See also: Tickle

EnglishEdit

 
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EtymologyEdit

From Middle English tiklen, tikelen, of uncertain origin. Perhaps from a frequentative form of Middle English tikken (to touch lightly), thus equivalent to tick +‎ -le; or perhaps related to Old English tinclian (to tickle). Compare North Frisian tigele (to tickle) (Hallig dialect), and tiikle (to tickle) (Amrum dialect), German dialectal zicklen (to excite; stir up). Alternatively, compare Middle English kitlelen ("to tickle"; see kittle), of which tickle might ultimately be a metathetic alteration.

PronunciationEdit

  • IPA(key): /ˈtɪkl̩/
  • (file)
  • Rhymes: -ɪkəl
  • Hyphenation: tick‧le

NounEdit

tickle (plural tickles)

  1. The act of tickling.
  2. An itchy feeling resembling the result of tickling.
    I have a persistent tickle in my throat.
  3. (cricket, informal) A light tap of the ball.
    • 2016, Ann Waterhouse, Cricket Made Simple:
      There's a very fine line between a tickle and an edge!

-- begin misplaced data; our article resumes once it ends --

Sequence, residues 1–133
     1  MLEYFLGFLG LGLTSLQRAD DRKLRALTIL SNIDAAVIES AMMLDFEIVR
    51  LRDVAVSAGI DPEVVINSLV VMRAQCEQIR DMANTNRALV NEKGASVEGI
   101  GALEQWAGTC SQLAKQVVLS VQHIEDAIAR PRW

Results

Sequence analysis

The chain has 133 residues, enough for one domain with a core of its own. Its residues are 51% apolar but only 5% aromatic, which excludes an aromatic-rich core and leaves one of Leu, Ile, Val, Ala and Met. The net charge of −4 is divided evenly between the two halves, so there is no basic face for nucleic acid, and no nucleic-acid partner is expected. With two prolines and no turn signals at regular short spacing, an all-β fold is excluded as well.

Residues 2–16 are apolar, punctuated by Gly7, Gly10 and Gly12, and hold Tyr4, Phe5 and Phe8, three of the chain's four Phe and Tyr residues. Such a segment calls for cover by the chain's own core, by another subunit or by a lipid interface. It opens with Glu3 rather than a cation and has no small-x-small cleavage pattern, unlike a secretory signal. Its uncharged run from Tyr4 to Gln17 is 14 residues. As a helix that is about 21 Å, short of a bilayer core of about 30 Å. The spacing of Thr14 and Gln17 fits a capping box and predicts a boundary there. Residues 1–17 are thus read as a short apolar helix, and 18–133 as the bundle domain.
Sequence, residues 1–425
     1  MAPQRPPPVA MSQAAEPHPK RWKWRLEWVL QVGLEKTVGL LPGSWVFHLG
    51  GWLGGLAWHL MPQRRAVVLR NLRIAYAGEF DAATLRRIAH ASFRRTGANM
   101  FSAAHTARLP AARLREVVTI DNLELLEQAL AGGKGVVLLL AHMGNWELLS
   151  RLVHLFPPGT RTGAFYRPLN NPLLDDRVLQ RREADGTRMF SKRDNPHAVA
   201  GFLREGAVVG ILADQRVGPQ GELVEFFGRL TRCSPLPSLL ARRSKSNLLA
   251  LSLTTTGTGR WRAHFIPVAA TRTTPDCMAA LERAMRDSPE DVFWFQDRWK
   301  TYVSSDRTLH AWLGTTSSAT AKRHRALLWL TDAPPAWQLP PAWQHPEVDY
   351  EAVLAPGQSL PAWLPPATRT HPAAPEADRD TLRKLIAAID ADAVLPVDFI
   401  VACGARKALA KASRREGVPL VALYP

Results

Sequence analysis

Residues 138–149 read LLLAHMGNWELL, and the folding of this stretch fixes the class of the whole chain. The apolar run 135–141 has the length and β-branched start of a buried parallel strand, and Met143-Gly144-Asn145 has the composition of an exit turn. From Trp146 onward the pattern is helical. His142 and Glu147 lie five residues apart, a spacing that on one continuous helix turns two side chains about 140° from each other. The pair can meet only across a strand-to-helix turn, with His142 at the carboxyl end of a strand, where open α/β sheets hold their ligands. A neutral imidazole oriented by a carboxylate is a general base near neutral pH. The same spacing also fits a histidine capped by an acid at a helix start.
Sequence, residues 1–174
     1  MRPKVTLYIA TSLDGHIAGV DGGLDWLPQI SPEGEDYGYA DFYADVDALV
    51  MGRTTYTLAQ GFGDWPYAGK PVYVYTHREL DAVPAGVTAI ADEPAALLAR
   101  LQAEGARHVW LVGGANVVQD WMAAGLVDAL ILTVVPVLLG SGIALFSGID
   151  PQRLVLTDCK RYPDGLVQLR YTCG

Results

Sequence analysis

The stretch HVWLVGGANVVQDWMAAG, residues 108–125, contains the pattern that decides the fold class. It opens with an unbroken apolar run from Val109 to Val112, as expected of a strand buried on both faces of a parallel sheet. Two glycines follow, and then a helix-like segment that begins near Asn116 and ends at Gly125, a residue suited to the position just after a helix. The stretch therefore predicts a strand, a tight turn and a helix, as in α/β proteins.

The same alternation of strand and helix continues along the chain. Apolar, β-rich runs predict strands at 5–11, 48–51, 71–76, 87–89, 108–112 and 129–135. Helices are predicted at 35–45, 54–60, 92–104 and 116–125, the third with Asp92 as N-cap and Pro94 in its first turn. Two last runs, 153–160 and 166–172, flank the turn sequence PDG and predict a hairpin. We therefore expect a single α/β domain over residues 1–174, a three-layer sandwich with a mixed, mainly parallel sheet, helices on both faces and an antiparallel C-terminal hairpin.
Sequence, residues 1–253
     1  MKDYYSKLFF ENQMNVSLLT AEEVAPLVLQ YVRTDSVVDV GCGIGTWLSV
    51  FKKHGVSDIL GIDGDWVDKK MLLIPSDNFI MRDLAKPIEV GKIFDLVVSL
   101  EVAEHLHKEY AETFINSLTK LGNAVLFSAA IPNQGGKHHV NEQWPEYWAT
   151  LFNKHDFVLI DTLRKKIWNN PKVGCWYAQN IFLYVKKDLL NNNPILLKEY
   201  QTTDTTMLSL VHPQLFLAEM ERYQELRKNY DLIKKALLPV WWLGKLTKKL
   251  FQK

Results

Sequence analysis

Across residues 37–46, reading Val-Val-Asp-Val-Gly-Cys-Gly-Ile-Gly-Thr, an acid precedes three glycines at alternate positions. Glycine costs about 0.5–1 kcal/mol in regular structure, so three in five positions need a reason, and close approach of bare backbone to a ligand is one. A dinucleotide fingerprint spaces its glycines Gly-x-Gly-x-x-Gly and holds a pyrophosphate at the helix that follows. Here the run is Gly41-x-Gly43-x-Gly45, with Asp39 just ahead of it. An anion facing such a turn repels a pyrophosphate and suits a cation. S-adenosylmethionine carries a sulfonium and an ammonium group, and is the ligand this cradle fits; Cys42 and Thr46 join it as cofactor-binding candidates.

4. (Newfoundland) A narrow strait.
    • 2004, Richard Fortey, The Earth, Folio Society 2011, p. 169:
      Cow Head itself is a prominent headland connected to the settlement by a natural causeway, or ‘tickle’ as the Newfoundlanders prefer it.

TranslationsEdit

VerbEdit

tickle (third-person singular simple present tickles, present participle tickling, simple past and past participle tickled)

  1. (transitive) To touch repeatedly or stroke delicately in a manner which causes laughter, pleasure and twitching.
    He tickled Nancy's tummy, and she started to giggle.
  2. (transitive) To unexpectedly touch or stroke delicately in a manner which causes displeasure or withdrawal.
    A stranger tickled Nancy's tummy, causing her to scream in fear.
  3. (intransitive, of a body part) To feel as if the body part in question is being tickled.
    My nose tickles, and I'm going to sneeze!
  4. (transitive) To appeal to someone's taste, curiosity etc.
  5. (transitive) To cause delight or amusement in.
    He was tickled to receive such a wonderful gift.
  6. (intransitive) To feel titillation.
  7. (transitive) To catch fish in the hand (usually in rivers or smaller streams) by manually stimulating the fins.
  8. (archaic) To be excited or heartened.

QuotationsEdit

SynonymsEdit

Derived termsEdit

TranslationsEdit

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AdjectiveEdit

tickle (comparative more tickle, superlative most tickle)

  1. (obsolete) Changeable, capricious; insecure.

AnagramsEdit